Friday, February 25, 2011

Ready Or Not

I’ve been thinking about death a lot lately. So much so that I found myself ordering a casket catalog from some Cistercian monks in Iowa. I didn’t really set out to do that. I somehow found myself on their website and I was deeply touched by the manner in which the wood is harvested and then prayerfully carved. It wasn’t until I actually received said catalog in the mail that I felt slightly jolted. The thoughts of the meaning of my order disturbed me. Was I going to die soon? What about someone I love and care about?

In the past two months I have attended a number of funerals. The first was the sudden death of my mother-in-law. Then, a colleague of my husband’s, and then several deaths of parents of friends. Even though we cannot be surprised by our elderly friends and members of our family passing away, the loss is still greatly felt. But death has also recently touched a young mom of a former student of mine and also the son of a friend at church. Those were especially hard to accept.

We all want to live a long life filled with good health and void of any suffering. But the fact of the matter is, we don’t know how or when our life on this earth will come to an end. You may think that this is a very morbid subject. But death, my friends, is certain. It’s going to happen, whether we are ready or not. The important thing is not to think about death in a negative way. It’s natural to have some fear about the unknown but I hope that we can make a decision to focus on our lives right now, bask in the beauty of the present moment, and live out whatever days we have left in a positive, fruitful, peaceful, charitable, and meaningful way.

A long time ago, when I worked in a kindergarten, each child had the honor of becoming the Student of the Week. They would, with the help of their moms and dads, fill out a paper stating their favorite things to do or eat, their favorite color, and fun information a child would love to share. But the last question was a surprising one for five year olds because it was rather profound for little minds. I don’t remember exactly how it was stated but it was something like “What do you want people to remember about you?” The children would write things like “I can win at video games”, or "I can jump really high.” In my mind I read it as, “What do you want your legacy to be?” That’s certainly not a kindergarten question, but one for us all to ponder. Sometimes I wonder if mine will be that I made a mean stuffed rigatoni with Italian sausage and meatballs.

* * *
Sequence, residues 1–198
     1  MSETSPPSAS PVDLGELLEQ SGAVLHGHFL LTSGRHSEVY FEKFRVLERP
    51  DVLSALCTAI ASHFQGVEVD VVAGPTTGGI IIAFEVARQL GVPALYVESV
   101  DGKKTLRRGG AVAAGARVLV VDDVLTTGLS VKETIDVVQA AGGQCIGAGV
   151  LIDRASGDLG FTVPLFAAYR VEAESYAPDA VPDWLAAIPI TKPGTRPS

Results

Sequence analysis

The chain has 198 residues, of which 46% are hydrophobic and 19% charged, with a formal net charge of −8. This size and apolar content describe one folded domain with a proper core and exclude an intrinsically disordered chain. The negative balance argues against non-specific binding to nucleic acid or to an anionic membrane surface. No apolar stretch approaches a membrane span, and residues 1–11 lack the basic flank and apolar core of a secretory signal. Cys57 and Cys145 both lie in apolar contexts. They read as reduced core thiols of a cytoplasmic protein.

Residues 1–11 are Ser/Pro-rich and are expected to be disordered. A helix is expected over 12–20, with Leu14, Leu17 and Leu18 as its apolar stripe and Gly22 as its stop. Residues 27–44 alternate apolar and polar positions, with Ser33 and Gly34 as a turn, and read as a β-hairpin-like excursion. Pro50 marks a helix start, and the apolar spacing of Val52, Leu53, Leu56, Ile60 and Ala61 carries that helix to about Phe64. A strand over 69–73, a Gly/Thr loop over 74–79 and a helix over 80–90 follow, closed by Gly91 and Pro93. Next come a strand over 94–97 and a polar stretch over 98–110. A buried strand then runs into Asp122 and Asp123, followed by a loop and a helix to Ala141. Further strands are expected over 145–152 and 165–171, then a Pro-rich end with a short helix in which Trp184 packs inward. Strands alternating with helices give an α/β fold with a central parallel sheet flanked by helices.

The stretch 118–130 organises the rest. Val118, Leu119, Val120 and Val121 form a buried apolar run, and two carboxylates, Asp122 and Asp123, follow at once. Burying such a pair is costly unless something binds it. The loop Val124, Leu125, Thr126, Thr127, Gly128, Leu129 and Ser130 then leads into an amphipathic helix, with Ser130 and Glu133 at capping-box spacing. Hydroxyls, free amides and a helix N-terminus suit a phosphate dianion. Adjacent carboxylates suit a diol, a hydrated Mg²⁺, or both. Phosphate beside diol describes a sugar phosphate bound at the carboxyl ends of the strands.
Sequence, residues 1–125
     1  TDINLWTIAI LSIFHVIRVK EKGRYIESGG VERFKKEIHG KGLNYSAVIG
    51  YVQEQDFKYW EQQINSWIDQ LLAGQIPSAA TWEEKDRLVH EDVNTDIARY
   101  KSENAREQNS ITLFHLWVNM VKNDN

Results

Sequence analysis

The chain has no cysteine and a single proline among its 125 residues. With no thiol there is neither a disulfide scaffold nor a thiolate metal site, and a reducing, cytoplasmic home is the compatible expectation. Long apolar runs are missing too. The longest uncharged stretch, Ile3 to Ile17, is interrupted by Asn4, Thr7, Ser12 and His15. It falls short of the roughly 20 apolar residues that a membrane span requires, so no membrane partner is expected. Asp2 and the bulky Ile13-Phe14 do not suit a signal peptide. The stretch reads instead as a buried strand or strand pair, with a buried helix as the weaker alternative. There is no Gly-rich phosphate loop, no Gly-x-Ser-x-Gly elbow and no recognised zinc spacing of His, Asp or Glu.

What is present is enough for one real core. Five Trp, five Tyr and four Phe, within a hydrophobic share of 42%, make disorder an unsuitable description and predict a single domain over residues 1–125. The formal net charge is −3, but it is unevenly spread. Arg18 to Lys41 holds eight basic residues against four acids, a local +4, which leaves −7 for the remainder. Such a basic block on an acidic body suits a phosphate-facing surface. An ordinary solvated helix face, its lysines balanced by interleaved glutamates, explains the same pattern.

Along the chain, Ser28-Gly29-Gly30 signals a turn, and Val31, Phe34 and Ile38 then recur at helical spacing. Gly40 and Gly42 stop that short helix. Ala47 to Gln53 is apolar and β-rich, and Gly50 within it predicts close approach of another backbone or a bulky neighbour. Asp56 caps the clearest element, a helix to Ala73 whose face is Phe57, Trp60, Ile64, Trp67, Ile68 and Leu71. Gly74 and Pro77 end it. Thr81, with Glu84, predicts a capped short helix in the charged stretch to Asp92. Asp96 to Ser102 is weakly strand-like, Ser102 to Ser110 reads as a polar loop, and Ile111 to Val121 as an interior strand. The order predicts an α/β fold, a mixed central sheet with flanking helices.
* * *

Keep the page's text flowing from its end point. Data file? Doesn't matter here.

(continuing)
The question is a thoughtful one, one that might take a while to sink in before you answer. But don’t wait too long. All we know for sure is that we have this moment, we have today. What tomorrow brings is only in the mind of God. So just for today, can we be more loving than yesterday? Can we give and not expect anything in return? Can we detach a little more from material things? Can we pray just a little longer?

God has a plan for your life. A plan that was formed before you were in your mother’s womb. In Jeremiah chapter 29 it says, “"For I know well the plans I have for you, says the Lord, plans for your welfare, not for woe! Plans to give you a future full of hope. When you call me, when you go to pray to me, I will listen to you. When you look for me, you will find me. When you seek me with all your heart, you will find me with you, says the Lord."

Ask Him to help you discover your purpose in this life and live it with everything you’ve got. Then you’ll be ready when it’s time to depart this earth and you can look forward in hope to hearing the words of Jesus, “Well done, my good and faithful servant.”


  1. Elyse, once again you amaze me with your wisdom. I often ponder the way I have lived my life and how I could have been a better inspiration to others. You are doing it in your blog. You inspire me to do better and accomplish the goals I have before I move on into eternity.

    Thank you. I love you.

  2. Over the years, I have often reflected on the lives of the saints. I’ve marveled at their levels of generosity, self-sacrifice, prayer and the fact that we have awareness of his or her legacy to future generations. I have to admit, the legacies often seem far-reaching—not really something attainable in the average person’s life today.

    In 2009, I attended the Bi-Centennial celebration for my mother’s little, country church, Antioch Baptist. While I was there, I considered the families I grew up with in our little community and how each family who attended Antioch was part of this 200-year lineage. How does such a small community continue for 200 years; faithfully Christ- centered?

    My mother passed away two weeks ago at 72 years of age and now rejoices with the Saints of heaven. She lived 48 years as a nurse, 46 years as a wife and a mother for 45. She raised six children, worked full-time, and still found time to give a listening ear and healing touch to many of our neighbors for many years. She supported my father in raising us Catholic, helping him teach us Church Catechism, praying with us on a daily basis and providing for us on many levels.

    I say all this in considering your question, “What do you want your legacy to be?” I’ve never been able to see my own offerings in life as worthy and I often looked to grand and large ideas to assure myself that I will live my life worthy. My mom didn’t do that, and I finally understand the value of each life and the importance of living the gift God gave only to us and only in this time.

    For 2,000 years, we have passed down the catechism of faith, hope and love of Christ by living our lives and giving of our gifts to our family, friends and strangers around us. In giving of our lives, even unto our death, we continue proclaiming the Gospel of Jesus for generations to come, hope-fully filling the Kingdom to come.